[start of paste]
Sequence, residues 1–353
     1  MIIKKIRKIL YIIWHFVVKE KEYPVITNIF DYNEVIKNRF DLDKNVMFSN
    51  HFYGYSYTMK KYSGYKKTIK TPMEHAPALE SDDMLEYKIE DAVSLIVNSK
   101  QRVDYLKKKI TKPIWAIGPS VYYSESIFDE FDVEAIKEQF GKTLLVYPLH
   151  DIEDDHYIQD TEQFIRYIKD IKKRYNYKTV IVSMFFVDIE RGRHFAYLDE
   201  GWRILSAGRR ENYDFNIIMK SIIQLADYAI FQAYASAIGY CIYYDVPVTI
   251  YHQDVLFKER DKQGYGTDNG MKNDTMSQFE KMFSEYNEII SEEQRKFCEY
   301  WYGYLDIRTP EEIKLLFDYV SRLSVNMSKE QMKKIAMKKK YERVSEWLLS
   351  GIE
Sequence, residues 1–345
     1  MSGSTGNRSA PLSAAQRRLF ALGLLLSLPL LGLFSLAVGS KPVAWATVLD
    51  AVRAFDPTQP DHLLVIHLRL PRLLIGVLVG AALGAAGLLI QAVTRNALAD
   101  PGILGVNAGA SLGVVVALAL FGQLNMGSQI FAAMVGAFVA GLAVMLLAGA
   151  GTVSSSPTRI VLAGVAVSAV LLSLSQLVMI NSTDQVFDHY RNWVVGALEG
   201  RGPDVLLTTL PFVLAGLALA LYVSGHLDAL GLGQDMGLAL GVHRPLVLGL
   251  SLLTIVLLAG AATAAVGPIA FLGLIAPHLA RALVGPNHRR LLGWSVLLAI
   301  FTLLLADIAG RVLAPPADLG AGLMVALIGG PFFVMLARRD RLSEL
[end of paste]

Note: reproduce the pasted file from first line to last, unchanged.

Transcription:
Sequence, residues 1–353
     1  MIIKKIRKIL YIIWHFVVKE KEYPVITNIF DYNEVIKNRF DLDKNVMFSN
    51  HFYGYSYTMK KYSGYKKTIK TPMEHAPALE SDDMLEYKIE DAVSLIVNSK
   101  QRVDYLKKKI TKPIWAIGPS VYYSESIFDE FDVEAIKEQF GKTLLVYPLH
   151  DIEDDHYIQD TEQFIRYIKD IKKRYNYKTV IVSMFFVDIE RGRHFAYLDE
   201  GWRILSAGRR ENYDFNIIMK SIIQLADYAI FQAYASAIGY CIYYDVPVTI
   251  YHQDVLFKER DKQGYGTDNG MKNDTMSQFE KMFSEYNEII SEEQRKFCEY
   301  WYGYLDIRTP EEIKLLFDYV SRLSVNMSKE QMKKIAMKKK YERVSEWLLS
   351  GIE
Sequence, residues 1–345
     1  MSGSTGNRSA PLSAAQRRLF ALGLLLSLPL LGLFSLAVGS KPVAWATVLD
    51  AVRAFDPTQP DHLLVIHLRL PRLLIGVLVG AALGAAGLLI QAVTRNALAD
   101  PGILGVNAGA SLGVVVALAL FGQLNMGSQI FAAMVGAFVA GLAVMLLAGA
   151  GTVSSSPTRI VLAGVAVSAV LLSLSQLVMI NSTDQVFDHY RNWVVGALEG
   201  RGPDVLLTTL PFVLAGLALA LYVSGHLDAL GLGQDMGLAL GVHRPLVLGL
   251  SLLTIVLLAG AATAAVGPIA FLGLIAPHLA RALVGPNHRR LLGWSVLLAI
   301  FTLLLADIAG RVLAPPADLG AGLMVALIGG PFFVMLARRD RLSEL